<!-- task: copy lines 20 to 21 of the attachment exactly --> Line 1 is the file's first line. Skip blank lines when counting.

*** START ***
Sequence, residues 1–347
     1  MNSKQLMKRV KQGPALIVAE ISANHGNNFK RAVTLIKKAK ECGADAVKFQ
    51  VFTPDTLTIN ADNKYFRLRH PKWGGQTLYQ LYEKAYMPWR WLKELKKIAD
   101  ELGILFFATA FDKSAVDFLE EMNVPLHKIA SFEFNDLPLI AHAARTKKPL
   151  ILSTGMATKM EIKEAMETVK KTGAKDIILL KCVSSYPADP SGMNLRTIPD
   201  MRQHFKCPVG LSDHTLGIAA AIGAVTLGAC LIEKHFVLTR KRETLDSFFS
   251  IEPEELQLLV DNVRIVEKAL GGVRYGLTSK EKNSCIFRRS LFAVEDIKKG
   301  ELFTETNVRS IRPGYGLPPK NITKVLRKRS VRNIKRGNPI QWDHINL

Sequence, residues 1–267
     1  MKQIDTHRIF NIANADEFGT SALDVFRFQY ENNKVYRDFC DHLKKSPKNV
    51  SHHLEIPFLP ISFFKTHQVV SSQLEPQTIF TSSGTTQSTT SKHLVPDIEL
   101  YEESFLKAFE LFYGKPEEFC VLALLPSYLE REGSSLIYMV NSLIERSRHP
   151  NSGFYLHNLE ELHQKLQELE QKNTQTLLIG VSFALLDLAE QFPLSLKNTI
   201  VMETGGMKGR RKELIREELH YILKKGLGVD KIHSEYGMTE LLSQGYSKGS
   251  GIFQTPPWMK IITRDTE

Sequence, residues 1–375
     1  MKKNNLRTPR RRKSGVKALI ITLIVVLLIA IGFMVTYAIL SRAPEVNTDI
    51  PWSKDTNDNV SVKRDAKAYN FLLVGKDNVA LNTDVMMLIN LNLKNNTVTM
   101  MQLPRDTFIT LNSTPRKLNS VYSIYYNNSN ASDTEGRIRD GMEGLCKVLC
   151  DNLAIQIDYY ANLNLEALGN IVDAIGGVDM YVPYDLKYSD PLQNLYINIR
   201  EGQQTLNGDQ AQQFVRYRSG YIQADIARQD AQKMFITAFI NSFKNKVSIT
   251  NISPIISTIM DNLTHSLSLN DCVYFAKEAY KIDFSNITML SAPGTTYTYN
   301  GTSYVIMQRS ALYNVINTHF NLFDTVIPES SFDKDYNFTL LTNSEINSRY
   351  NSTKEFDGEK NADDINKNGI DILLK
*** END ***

   151  DNLAIQIDYY ANLNLEALGN IVDAIGGVDM YVPYDLKYSD PLQNLYINIR
   201  EGQQTLNGDQ AQQFVRYRSG YIQADIARQD AQKMFITAFI NSFKNKVSIT